Web to Host Connections: The Great Outward Migration Commences
There used to be two places in the world where everyone knew your name – "Cheers" in Boston, and the central IT department. Just as everyone knew the exact stool where they could reach Norm, everyone in the organization knew where to reach you when they had trouble logging onto your S/390 mainframe host system from their PC.
However, this personable environment is ending, as mainframes garner more end users. That’s because tens of thousands of end users may be coming from outside your SNA network, and even your organization. You won’t even have a clue about what kind of computer they are using as a client, and they won’t have a clue as to what kind of host system they are accessing.
In fact, within a few years, well over half of end users accessing mainframe hosts will be external, browser-based users – in "outward-facing networks," predicts Richard Villars, Director of Network Architectures for IDC (Framingham, Mass.). The installed base of traditional internal PC-based host access users peaked last year, he notes, with Web-based connectivity solutions beginning to win market leadership.
The result is the most monumental sea change in host access since its inception more than a decade ago.
The most dramatic change is the expansion of host connectivity to users on the Web, making mainframe host data accessible through browsers. Users anywhere in the world – remote employees, sales representatives, business partners, vendors and customers – can log on and view a Web presentation of host data as an HTML rendition through their browser, or through a Java applet running as a terminal emulator, downloaded as needed. IDC’s Villars believes such configurations will become tightly integrated with broader e-commerce initiatives, and present a means for online customers to access data.
Often, the potential for Web-to-host connectivity gets lost between the conflicting demands of IT managers and business managers. One area of an organization may be connected via host access, while the other is pouring resources into its intranet – and neither side wants to meet in the middle. As a recent report from Aberdeen Group Inc. (Boston) puts it, host access is an approach that is "not well understood or documented, making it difficult for organizations to align themselves internally around a unified position." In fact, Aberdeen finds Web-to-host issues are the source of inter-departmental stress.
That’s a shame, because Aberdeen estimates that up to 70 percent of all critical business logic and data resides in host-based applications – a real competitive gold mine. The imperative is to get mainframe-based data out beyond the firewalls, to extranets of customers, suppliers and business partners. Those managers that are now all fired up over extranets and e-commerce need to become acquainted with the ways host data can be securely presented.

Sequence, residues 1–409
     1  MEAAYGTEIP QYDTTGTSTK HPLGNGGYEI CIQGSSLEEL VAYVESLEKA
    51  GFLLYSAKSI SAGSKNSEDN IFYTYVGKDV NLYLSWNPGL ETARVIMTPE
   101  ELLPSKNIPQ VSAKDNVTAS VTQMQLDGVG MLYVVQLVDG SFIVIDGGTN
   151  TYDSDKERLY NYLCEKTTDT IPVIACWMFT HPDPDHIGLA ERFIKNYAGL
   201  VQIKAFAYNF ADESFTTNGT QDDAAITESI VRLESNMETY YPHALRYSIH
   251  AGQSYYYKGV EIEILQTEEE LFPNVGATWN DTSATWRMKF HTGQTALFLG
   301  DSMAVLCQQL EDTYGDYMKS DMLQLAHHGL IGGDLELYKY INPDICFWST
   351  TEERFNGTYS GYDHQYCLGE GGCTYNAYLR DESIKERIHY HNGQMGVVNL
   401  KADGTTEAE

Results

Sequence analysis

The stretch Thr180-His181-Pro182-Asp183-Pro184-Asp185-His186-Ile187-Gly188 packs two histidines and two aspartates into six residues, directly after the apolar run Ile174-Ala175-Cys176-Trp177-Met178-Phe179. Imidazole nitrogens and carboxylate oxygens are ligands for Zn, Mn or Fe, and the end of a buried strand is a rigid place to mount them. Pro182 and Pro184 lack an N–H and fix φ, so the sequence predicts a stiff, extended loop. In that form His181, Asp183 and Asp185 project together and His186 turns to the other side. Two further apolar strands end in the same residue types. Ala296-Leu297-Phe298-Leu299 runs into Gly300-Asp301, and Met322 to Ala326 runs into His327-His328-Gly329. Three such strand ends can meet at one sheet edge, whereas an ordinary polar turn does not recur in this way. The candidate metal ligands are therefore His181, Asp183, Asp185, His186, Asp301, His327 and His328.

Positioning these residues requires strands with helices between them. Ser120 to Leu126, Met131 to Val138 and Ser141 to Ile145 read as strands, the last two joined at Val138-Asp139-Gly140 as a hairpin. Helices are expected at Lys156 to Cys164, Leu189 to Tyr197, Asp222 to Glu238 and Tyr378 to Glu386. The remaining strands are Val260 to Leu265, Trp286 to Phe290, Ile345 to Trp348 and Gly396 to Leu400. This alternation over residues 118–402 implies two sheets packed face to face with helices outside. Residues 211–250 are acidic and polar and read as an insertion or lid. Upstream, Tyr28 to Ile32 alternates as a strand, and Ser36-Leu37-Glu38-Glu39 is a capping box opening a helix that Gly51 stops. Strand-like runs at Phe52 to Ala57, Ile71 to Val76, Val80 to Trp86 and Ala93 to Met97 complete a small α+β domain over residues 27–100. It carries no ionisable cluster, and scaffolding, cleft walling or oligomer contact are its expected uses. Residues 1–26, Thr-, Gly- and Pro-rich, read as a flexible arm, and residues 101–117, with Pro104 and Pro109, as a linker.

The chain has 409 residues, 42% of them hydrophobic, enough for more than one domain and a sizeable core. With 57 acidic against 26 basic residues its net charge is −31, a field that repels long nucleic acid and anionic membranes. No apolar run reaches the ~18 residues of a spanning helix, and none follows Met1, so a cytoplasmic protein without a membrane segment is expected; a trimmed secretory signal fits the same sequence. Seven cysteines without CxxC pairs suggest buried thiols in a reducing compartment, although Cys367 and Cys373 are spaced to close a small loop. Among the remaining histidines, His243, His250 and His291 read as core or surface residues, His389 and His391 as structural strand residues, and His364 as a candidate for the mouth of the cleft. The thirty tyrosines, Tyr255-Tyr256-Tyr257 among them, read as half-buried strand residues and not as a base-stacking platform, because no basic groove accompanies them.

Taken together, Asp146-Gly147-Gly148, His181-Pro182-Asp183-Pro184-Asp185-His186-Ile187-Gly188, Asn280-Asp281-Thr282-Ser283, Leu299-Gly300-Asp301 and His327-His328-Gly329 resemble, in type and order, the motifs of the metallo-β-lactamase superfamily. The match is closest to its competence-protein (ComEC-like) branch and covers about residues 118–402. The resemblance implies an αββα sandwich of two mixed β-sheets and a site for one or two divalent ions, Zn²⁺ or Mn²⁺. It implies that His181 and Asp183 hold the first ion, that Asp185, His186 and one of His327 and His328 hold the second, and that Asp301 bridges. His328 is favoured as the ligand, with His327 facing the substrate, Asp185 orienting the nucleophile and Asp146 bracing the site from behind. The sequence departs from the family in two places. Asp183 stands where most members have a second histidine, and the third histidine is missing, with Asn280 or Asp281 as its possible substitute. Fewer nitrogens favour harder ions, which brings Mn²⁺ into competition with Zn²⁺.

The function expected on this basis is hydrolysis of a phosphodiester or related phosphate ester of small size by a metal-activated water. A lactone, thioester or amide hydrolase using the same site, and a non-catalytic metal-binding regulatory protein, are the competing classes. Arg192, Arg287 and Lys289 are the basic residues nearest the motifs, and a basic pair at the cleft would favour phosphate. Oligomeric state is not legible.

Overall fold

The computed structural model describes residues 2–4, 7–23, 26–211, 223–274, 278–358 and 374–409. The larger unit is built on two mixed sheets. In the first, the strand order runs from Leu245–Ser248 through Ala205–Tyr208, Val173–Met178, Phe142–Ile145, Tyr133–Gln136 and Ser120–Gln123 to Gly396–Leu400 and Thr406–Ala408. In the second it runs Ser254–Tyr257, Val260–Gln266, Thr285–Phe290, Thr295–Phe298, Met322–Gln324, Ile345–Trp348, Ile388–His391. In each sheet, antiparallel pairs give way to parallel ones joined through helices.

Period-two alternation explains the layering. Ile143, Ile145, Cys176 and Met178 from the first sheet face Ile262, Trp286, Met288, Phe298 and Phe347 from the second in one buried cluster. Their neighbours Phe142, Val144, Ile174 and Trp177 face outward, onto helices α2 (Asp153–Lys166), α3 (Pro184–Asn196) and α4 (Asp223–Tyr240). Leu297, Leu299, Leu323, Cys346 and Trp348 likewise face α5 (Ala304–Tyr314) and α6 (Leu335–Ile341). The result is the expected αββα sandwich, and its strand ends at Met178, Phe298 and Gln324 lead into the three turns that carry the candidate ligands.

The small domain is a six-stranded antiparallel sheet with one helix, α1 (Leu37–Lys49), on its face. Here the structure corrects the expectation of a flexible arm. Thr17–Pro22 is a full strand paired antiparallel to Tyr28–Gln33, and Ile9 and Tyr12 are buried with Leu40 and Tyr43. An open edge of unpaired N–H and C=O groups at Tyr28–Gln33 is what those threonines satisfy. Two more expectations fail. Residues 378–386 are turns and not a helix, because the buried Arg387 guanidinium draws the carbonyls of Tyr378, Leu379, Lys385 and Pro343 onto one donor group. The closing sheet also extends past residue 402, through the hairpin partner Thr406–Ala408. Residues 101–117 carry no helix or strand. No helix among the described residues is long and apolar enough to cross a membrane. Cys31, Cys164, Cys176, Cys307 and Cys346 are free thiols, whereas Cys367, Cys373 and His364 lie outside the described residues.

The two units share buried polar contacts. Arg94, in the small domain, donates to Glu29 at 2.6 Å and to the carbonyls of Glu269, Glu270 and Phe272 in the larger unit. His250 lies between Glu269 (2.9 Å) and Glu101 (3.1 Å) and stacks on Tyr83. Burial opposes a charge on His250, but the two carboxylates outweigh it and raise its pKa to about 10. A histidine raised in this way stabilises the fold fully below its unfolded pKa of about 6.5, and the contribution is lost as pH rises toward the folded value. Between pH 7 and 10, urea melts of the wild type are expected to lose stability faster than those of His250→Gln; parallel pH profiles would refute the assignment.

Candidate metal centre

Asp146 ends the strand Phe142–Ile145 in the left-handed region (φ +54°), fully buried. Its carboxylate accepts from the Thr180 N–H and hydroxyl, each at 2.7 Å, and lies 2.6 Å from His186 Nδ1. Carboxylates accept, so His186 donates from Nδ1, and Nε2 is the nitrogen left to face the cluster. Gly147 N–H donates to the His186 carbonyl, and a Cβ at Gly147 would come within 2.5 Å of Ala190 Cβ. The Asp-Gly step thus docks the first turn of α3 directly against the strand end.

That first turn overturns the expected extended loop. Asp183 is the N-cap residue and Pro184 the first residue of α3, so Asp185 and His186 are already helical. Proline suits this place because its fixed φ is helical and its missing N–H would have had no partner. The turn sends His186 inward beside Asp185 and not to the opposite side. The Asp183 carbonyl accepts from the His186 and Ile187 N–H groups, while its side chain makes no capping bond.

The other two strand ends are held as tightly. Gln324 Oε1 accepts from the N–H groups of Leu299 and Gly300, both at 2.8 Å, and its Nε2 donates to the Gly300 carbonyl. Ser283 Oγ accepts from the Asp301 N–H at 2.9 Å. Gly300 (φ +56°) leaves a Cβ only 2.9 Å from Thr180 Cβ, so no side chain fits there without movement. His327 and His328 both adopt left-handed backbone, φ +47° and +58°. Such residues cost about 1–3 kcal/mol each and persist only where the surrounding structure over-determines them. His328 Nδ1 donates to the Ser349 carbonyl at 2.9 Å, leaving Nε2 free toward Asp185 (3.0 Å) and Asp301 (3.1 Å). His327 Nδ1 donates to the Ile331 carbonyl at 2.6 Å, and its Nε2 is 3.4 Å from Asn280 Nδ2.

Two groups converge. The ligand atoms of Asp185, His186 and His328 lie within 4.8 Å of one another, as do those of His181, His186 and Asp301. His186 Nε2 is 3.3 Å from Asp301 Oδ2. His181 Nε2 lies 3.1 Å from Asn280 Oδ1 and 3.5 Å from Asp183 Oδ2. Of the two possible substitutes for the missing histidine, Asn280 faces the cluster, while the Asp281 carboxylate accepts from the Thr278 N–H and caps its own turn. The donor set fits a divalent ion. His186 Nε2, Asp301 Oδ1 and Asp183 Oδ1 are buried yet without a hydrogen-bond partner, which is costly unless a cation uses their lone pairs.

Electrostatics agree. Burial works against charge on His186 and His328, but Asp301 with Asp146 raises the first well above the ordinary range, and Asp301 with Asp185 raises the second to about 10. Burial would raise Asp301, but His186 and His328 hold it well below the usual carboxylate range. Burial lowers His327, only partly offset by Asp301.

The best approach to a migration from green-screen terminals to a TCP/IP-enabled environment is a stepped migration, which maintains the existing network while building outward to the Web. The first step is to migrate internal users to 32-bit desktops, running 32-bit emulators, which can be connected to the existing SNA network. The next step is to introduce TCP/IP connectivity, which can be auto-detected and accessed by the new desktop emulators. Follow up with Java-based green-screen emulation, through a host screen downloaded at the beginning of a Web session.
While traditional PC-based host access technology is mature – and very robust in terms of management and security – Web-to-host solutions are still in their formative stages. In fact, the Internet adds a new security and management burden – currently the most pressing concerns in delivering access over the Web.
Web-to-host based systems can deliver legacy applications over any TCP/IP network, without the need to re-engineer or replace these back-end applications. However, since it’s so new, Web-to-host access still faces a number of hurdles before it’s on a par with PC-to-host connectivity in terms of functionality.
Maintaining uptime and accessibility is also a challenge over the Internet, and file transfers over the Web will need to be addressed as well. Users will seek the same capabilities and security in Web-based environments that are now part of traditional client/server environments.
Keyboard systems tend to disappear when converted to a browser format. Those systems that do maintain 3270-based keyboard functions may befuddle external users not experienced with mainframe terminals. Thus, 3270-style interfaces may be fine for the internal group that’s used to it, but a much simpler interface needs to be presented to outsiders.
Due to real and perceived concerns about the security and reliability of Web connections, direct dial-up arrangements may still be the favored means to reach corporate remote end users and business partners for some time. But it won’t be long before Web-to-host becomes part of the strategy of organizations seeking to extend the power of their mainframes to a larger audience.